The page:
Mary J. Blige: An Icon

By: Cheyenne Henry

Methodology

From a young age, I grew up surrounded by parents’ music. Beyonce, Missy Elliot, Mariah Carrey, and Mary J. Blige were some of my mothers’ favorite artists that influenced me as a grew up. Mary J. Blige is a powerful female influence. Using scholarly sources, I researched her contributions to the music industry and our society. She has inspired generations of new musicians and made herself into a lifelong legend. During this research, I found that she is much more than just an icon, she overcame a rough childhood and continued to give back to her community. 

Summary & Abstract

Mary J Blige the “Queen” of Hip-Hop and Soul began her career in 1991 when she was signed to Uptown Records. Uptown Records saw Mary’s potential from a simple video recording and recruited her. In the beginning stages of her career, she sang backup for multiple artists and trained behind-the-scenes. In 1992, she published her debut album What’s the 411?. Later, she became known for her hit single Be Without You in 1994. This song went on to be named the most successful R&B/Hip-Hop song of all-time and appear in Billboard magazine. Using her childhood and adulthood experiences she created masterpieces. As her career progressed, she received critical acclaim for her albums and went on to win more than five grammy awards. In 2001, Blige began to transition from the music scene into the acting scene. She began acting with supporting roles in Rock of Ages (2012), Black Nativity (2013), and her latest project Body Cam (2020). Her contributions to the music industry and the film industry made a household name.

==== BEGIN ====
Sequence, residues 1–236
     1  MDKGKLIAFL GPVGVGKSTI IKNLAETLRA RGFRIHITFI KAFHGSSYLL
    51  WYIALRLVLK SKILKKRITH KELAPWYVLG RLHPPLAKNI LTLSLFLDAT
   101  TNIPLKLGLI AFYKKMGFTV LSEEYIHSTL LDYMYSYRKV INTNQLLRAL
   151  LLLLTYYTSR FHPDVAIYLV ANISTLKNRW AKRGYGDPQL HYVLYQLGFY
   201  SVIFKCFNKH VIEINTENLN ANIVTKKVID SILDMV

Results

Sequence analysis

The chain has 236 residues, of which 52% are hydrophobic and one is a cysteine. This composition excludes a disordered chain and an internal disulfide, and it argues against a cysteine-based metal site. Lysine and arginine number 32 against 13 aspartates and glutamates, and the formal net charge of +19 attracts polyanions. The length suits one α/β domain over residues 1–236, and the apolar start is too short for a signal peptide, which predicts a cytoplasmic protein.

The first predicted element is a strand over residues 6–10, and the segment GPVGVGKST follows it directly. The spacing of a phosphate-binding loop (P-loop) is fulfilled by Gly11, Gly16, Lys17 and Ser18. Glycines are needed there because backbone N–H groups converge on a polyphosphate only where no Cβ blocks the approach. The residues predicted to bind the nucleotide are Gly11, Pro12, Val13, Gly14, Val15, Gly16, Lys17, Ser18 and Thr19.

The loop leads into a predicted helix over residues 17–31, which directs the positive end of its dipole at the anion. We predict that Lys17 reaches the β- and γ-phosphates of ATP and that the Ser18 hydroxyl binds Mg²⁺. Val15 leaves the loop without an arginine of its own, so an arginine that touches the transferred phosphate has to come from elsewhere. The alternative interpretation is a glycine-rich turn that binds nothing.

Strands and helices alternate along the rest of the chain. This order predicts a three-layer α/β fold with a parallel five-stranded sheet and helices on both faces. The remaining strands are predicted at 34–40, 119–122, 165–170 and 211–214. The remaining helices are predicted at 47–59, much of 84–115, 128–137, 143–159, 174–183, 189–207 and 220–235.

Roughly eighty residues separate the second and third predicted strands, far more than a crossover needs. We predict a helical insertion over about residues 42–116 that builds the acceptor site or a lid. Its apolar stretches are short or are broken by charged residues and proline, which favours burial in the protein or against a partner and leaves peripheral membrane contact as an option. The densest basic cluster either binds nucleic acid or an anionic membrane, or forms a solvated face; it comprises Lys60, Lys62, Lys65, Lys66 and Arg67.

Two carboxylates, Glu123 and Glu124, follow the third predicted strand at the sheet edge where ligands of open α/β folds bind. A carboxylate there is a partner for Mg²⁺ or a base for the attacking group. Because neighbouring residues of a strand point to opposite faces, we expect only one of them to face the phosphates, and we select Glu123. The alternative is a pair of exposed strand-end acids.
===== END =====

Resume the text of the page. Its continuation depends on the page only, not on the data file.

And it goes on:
Early Life

Mary J. Blige was born in the Bronx, New York on January 11th, 1971. Blige’s childhood was rough due to her parents. Cora Blige suffered from domestic abuse due to this violence Cora turned to alcoholism. Thomas Blige suffered from PTSD after surviving the Vietnam War. Her father left her and Cora Blige at the age of four. Her rough childhood continued due to her family’s economic situation. In the 70s economic opportunity was severely limiting to black citizens and due to her mothers’ alcoholism, there was little chance of economic growth. As a young adolescent, she grew up in a public housing project in Yonkers where she was physically and mentally abused. Through music and church, she was able to escape the torment of her childhood. Despite her positive attitude, her surroundings disabled her ability to grow. In 1991 when she officially signed with Uptown Records, Mary J. Blige was able to escape her traumatic childhood and her violent community. Initially, Blige trained by singing back up for Father MC. After that, she released her debut album What’s the 411?.

Music Industry

Mary J. Blige’s first album What’s the 411? became an instant success. This album sold more than 2 million copies and propelled her rise to fame. This album changed the game for Hip-Hop and soul artists. In this album Blige samples rap artists, integrating soul and rap music. Her debut album included youth memoirs and raw singing. All of these components made What’s the 411? an instant success. In 1995, Blige released her second studio album, My Life. My Life exposed Mary’s raw emotions and personal pain. Due to discrepancies in her management, Blige’s personal life was riddled with drug abuse and alcohol abuse. Blige’s circle never questioned her violent habits and allowed her to continue on a negative path. Luckily, Blige was able to turn her life around once she met her ex-husband Kendu Issacs. Due to her emotional trauma, Blige ended her contract with Uptown Records and signed with MCA. This embarked on a drastic change in her career.